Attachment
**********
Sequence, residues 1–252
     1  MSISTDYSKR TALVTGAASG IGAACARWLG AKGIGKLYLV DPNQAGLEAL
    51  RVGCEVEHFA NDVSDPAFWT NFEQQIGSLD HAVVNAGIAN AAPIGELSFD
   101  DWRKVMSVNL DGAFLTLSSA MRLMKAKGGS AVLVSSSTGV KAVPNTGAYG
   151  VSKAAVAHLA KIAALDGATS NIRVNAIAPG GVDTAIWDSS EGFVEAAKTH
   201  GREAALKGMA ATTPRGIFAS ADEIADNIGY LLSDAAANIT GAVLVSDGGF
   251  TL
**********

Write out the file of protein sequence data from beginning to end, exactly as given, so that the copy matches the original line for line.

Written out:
Sequence, residues 1–252
     1  MSISTDYSKR TALVTGAASG IGAACARWLG AKGIGKLYLV DPNQAGLEAL
    51  RVGCEVEHFA NDVSDPAFWT NFEQQIGSLD HAVVNAGIAN AAPIGELSFD
   101  DWRKVMSVNL DGAFLTLSSA MRLMKAKGGS AVLVSSSTGV KAVPNTGAYG
   151  VSKAAVAHLA KIAALDGATS NIRVNAIAPG GVDTAIWDSS EGFVEAAKTH
   201  GREAALKGMA ATTPRGIFAS ADEIADNIGY LLSDAAANIT GAVLVSDGGF
   251  TL